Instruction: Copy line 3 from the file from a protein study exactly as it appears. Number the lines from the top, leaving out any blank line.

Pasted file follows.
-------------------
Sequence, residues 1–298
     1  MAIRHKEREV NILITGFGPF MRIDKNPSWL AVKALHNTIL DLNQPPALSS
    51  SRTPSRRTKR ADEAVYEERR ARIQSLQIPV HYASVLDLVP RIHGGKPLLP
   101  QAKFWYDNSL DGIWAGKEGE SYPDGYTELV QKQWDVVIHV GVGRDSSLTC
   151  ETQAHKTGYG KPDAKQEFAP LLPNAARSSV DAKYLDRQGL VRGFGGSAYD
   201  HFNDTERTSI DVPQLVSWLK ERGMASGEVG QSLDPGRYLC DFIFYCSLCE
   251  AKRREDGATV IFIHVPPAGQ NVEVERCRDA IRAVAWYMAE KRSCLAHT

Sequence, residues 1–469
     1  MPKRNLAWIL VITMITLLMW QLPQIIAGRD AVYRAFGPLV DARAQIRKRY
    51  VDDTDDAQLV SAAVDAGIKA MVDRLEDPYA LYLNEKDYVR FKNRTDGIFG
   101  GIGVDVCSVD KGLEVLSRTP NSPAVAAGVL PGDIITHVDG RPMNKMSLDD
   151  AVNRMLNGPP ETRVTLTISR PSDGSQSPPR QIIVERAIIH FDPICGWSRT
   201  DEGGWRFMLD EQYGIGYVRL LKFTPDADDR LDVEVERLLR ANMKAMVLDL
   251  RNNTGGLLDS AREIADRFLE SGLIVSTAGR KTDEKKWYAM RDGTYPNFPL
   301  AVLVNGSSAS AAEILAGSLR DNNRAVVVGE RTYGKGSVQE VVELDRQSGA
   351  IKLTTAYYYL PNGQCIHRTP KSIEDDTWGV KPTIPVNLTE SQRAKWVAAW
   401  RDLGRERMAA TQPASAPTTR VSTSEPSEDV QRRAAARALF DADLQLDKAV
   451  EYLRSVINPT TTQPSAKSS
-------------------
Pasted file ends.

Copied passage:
    51  SRTPSRRTKR ADEAVYEERR ARIQSLQIPV HYASVLDLVP RIHGGKPLLP